I have to be alone very often. I’d be quite happy if I spent from Saturday night until Monday morning alone in my apartment. That’s how I refuel.
― Audrey Hepburn
Note: This Article, “Weight Loss for Introverts,” is Part 1 of a two part series on personality type and weight loss. Part 2 is “Weight Loss for Extroverts.”
In a series of scientific experiments, it was found that people would rather administer electric shocks to themselves than to be alone with their thoughts. I find this really sad. No wonder people feel so disconnected these days. You can’t have a relationship with yourself if you can’t be with yourself.
I know from listening to many of my clients, that people are often afraid to be alone because their thoughts are either obsessively negative and/or self-critical. This leads to a downward spiral in their mood, and then they use food to numb out the painful feelings.
Other people are simply afraid to be alone. In today’s world, you can always be connected to a device in one way or another, unfortunately, when unconnected or without company, some people don’t know what to do with themselves. They then turn to food, TV or both to numb out.
Personally, I’ve always loved my solitude. Solitude is nourishing, loneliness isn’t. As an introvert, I treasure my aloneness, even more so as I get older. I enjoy people, but I need plenty of alone time to recharge my batteries, process my thoughts and feelings, and enjoy my hobbies (painting, writing, photography), which are all solitary. I’m happiest when alone and immersed in the joy of creativity.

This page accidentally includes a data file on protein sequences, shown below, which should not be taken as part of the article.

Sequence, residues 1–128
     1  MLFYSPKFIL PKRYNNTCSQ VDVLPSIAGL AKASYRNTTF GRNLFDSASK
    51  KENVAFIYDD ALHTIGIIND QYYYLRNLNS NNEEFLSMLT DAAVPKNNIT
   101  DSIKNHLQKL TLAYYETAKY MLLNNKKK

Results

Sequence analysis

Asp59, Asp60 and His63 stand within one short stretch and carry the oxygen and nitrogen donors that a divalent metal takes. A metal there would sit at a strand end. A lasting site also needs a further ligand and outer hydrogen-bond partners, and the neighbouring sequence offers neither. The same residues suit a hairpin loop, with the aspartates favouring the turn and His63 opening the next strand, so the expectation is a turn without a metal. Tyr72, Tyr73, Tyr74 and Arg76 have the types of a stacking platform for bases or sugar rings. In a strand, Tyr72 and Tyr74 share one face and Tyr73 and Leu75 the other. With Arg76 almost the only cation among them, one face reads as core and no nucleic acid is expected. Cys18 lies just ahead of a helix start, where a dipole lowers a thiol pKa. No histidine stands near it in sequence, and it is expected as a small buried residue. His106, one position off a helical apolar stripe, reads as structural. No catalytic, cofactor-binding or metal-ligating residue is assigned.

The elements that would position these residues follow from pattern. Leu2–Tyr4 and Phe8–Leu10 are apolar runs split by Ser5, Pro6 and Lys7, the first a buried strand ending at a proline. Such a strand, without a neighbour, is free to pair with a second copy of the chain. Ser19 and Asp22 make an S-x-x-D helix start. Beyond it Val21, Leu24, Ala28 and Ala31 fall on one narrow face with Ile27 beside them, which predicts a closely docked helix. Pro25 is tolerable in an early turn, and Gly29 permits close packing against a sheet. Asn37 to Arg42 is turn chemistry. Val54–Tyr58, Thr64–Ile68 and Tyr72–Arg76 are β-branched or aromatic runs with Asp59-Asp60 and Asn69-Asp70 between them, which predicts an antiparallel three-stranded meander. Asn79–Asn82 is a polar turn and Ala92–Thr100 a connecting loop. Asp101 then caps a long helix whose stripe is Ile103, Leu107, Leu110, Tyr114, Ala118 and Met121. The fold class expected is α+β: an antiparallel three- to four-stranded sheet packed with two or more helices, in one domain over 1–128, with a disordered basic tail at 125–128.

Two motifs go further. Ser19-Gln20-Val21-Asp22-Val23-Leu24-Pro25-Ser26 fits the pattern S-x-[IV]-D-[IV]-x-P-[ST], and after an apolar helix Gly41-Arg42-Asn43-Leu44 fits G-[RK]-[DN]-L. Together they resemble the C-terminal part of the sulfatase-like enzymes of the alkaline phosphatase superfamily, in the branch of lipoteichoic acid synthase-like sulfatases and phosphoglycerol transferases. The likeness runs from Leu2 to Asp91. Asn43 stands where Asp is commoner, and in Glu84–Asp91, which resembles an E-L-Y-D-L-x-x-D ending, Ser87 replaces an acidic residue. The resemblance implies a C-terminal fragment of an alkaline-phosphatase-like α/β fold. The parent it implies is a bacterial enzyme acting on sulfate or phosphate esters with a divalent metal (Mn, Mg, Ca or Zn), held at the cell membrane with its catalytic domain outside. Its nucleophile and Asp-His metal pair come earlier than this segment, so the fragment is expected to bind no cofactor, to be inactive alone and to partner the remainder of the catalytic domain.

People are always surprised when I tell them I’m an introvert. They believe the stereotype of the shy, quiet, nerdy introvert. I’m an outgoing and very friendly introvert. The true definition of extroverts and introverts is that extroverts gain energy around others and introverts are energetically drained by other people. They may love being around others but they need solitude and downtime to recharge their batteries.
As an introvert, I love nothing more than being with one or two special people and having deep, thought provoking conversations. I can’t stand crowds, noisy environments, parties, and I’m not much of a group person unless the group is small or I’m the one running it.
One of my greatest strengths is that I’m an empath. As an empath, I can easily sense and feel the feelings of others. This is important in my line of work because it helps me to connect deeply with others and have compassion for my clients.
Being an empath also comes with its share of drawbacks. It’s very easy for empaths to become exhausted from taking on and carrying the negative emotions of others. It’s important for empaths to know how to release and clear negative emotions, so that they don’t become depressed or overwhelmed by too many emotions.
Many of my clients are in the helping professions and because of their empathic natures, they tend to become overwhelmed, overweight, stressed out, and eventually they burn out. Empaths tend to be givers and therefore must learn self-care, and how to set clear and firm boundaries.
This is why learning how to deal with and accept your true nature, knowing how to play to your strengths, and developing a self-care routine are so important. It really is a quality of life issue and by making some changes, you can actually stop living a life that drains the life out of you and start living one that supports you and actually feeds your spirit.
I take time out to enjoy my solitude and listen to my thoughts.
In my next article, we will explore the eating and health habits of extroverts.
Are you ready to learn self-care and create a life that nurtures you?